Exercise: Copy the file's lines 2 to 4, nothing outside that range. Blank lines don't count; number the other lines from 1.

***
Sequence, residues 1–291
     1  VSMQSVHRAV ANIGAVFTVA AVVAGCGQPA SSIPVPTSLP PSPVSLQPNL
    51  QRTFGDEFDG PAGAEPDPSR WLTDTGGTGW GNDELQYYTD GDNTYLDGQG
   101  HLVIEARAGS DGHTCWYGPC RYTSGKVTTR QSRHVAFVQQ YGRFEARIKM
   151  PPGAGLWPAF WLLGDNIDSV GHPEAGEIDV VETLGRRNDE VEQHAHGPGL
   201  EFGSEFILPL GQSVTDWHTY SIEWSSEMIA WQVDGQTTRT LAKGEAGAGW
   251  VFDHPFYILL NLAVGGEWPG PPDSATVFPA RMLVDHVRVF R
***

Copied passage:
     1  VSMQSVHRAV ANIGAVFTVA AVVAGCGQPA SSIPVPTSLP PSPVSLQPNL
    51  QRTFGDEFDG PAGAEPDPSR WLTDTGGTGW GNDELQYYTD GDNTYLDGQG
   101  HLVIEARAGS DGHTCWYGPC RYTSGKVTTR QSRHVAFVQQ YGRFEARIKM